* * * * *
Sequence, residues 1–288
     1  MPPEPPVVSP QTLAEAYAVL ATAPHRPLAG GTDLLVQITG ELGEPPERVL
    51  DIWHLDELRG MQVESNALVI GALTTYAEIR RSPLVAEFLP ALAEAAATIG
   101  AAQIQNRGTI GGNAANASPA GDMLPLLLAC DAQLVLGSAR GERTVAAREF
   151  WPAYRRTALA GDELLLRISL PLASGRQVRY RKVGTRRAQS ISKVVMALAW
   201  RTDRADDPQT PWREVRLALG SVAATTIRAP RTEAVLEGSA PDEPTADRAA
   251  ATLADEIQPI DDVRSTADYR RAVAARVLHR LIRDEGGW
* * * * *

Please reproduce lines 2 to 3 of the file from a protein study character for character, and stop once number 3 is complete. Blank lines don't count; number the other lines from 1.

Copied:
     1  MPPEPPVVSP QTLAEAYAVL ATAPHRPLAG GTDLLVQITG ELGEPPERVL
    51  DIWHLDELRG MQVESNALVI GALTTYAEIR RSPLVAEFLP ALAEAAATIG